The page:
BUSINESS
November 3, 1990 | JEFF KAYE, SPECIAL TO THE TIMES
After losing a combined $2.4 billion, Britain's rival satellite television networks announced Friday that they will merge, ending a bitter and expensive battle for market domination. Rupert Murdoch's Sky Television will join with British Satellite Broadcasting, which is owned primarily by a consortium of European media companies. The new joint venture will be controlled 50-50 by Murdoch's News International and BSB's principal shareholders, Granada Television Ltd.
BUSINESS
November 6, 1990 | JEFF KAYE, SPECIAL TO THE TIMES
Newlywed satellite networks Sky Television and British Satellite Broadcasting were planning how to consolidate their programming and business operations Monday as a political outcry against their merger began to swell. "We have people down at BSB looking at programming, contracts--everything," said Sky spokeswoman Fiona Waters. With Rupert Murdoch's Sky losing $4 million a week and BSB losing nearly four times that, the deal comes as a relief for both companies.
BUSINESS
November 3, 1990 | JEFF KAYE, SPECIAL TO THE TIMES
After losing a combined $2.4 billion, Britain's rival satellite television networks announced Friday that they will merge, ending a bitter and expensive battle for market domination. Rupert Murdoch's Sky Television will join with British Satellite Broadcasting, which is owned primarily by a consortium of European media companies. The new joint venture will be controlled 50-50 by Murdoch's News International and BSB's principal shareholders, Granada Television Ltd.
ENTERTAINMENT
August 23, 1990 | JEFF KAYE
"The Simpsons" is the most popular television show in Great Britain that no one can watch. Although it hasn't reached local airwaves yet, the animated series has been the subject of numerous magazine and newspaper articles in British publications over the last few weeks. Giddy teen mags marvel at the latest American craze while more erudite journals analyze the reasons for the show's success. The phrase "Don't have a cow, man" is always dutifully recorded.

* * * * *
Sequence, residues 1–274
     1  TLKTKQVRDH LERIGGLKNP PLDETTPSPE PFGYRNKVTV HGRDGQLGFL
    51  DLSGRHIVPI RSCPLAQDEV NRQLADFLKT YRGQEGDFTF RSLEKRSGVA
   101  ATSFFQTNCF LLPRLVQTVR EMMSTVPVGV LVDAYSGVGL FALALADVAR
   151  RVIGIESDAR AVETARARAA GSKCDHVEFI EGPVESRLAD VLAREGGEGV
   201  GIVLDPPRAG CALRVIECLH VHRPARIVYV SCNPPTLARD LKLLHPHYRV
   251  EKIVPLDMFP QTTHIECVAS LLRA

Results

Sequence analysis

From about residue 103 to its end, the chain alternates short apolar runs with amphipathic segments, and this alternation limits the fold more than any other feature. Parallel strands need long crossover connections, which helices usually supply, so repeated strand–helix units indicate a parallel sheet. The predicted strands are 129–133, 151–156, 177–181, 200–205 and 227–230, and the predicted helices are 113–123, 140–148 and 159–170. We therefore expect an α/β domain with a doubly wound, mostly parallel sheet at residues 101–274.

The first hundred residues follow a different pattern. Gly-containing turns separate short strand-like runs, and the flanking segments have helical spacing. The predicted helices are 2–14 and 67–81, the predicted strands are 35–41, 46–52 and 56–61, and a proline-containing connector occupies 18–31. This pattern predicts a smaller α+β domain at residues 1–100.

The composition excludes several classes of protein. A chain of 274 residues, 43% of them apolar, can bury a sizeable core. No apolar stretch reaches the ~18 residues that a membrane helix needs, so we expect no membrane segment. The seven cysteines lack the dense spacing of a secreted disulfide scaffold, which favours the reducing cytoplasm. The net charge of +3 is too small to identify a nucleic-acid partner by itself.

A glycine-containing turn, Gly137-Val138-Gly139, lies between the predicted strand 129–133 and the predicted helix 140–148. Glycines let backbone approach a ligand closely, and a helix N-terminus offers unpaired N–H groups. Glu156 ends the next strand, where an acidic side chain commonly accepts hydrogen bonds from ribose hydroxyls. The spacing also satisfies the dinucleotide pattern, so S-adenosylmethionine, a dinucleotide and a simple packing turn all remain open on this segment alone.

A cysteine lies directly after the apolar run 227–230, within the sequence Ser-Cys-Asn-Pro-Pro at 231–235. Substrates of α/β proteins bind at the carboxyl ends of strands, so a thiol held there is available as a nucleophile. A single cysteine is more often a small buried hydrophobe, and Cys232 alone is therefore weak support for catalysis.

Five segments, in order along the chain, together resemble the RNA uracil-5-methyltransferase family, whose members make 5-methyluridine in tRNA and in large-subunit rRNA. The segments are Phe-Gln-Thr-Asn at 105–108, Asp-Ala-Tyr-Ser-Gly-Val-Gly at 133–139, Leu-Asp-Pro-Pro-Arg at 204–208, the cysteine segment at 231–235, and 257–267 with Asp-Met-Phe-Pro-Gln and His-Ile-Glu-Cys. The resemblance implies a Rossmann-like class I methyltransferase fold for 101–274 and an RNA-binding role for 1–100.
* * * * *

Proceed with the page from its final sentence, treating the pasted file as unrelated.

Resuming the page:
BUSINESS
September 15, 1989 | JAMES FLANIGAN, Times Staff Writer
In 1954, Rupert Murdoch--whose company has just bid $1.4 billion for MGM/UA Communications--headed a family firm in his native Australia that owned two newspapers in Adelaide. Now, 35 years later, his newspaper, magazine and television holdings on four continents are said to be worth $8 billion to $10 billion. Which begs the question: How did he do a thing like that? Did the 58-year-old son of a newspaper executive have a grand plan, some global ambition learned at Oxford where he was educated?
BUSINESS
September 14, 1989 | MICHAEL CIEPLY, Times Staff Writer
If movies are ammunition in the global media wars, Rupert Murdoch's decision to bid for MGM/UA Communications Co. could give him access to a badly needed arms factory. Murdoch's News Corp. already owns 20th Century Fox, one of the seven major Hollywood film studios. But a single studio can't supply enough movies to support his far-flung distribution channels--and buying from outside suppliers has proved difficult in recent months.
Los Angeles Times Articles
|